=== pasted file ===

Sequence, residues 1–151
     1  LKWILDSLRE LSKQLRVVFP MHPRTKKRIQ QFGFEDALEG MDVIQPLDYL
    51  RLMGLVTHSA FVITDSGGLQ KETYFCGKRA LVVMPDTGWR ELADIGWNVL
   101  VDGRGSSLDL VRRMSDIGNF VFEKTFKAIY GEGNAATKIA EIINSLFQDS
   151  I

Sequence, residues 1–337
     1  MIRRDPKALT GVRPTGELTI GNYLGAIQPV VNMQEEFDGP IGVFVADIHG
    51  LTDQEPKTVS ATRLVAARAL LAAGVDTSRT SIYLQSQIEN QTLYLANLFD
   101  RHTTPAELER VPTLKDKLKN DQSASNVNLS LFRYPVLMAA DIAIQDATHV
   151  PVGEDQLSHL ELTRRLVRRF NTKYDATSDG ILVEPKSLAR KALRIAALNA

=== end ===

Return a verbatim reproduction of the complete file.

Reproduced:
Sequence, residues 1–151
     1  LKWILDSLRE LSKQLRVVFP MHPRTKKRIQ QFGFEDALEG MDVIQPLDYL
    51  RLMGLVTHSA FVITDSGGLQ KETYFCGKRA LVVMPDTGWR ELADIGWNVL
   101  VDGRGSSLDL VRRMSDIGNF VFEKTFKAIY GEGNAATKIA EIINSLFQDS
   151  I

Sequence, residues 1–337
     1  MIRRDPKALT GVRPTGELTI GNYLGAIQPV VNMQEEFDGP IGVFVADIHG
    51  LTDQEPKTVS ATRLVAARAL LAAGVDTSRT SIYLQSQIEN QTLYLANLFD
   101  RHTTPAELER VPTLKDKLKN DQSASNVNLS LFRYPVLMAA DIAIQDATHV
   151  PVGEDQLSHL ELTRRLVRRF NTKYDATSDG ILVEPKSLAR KALRIAALNA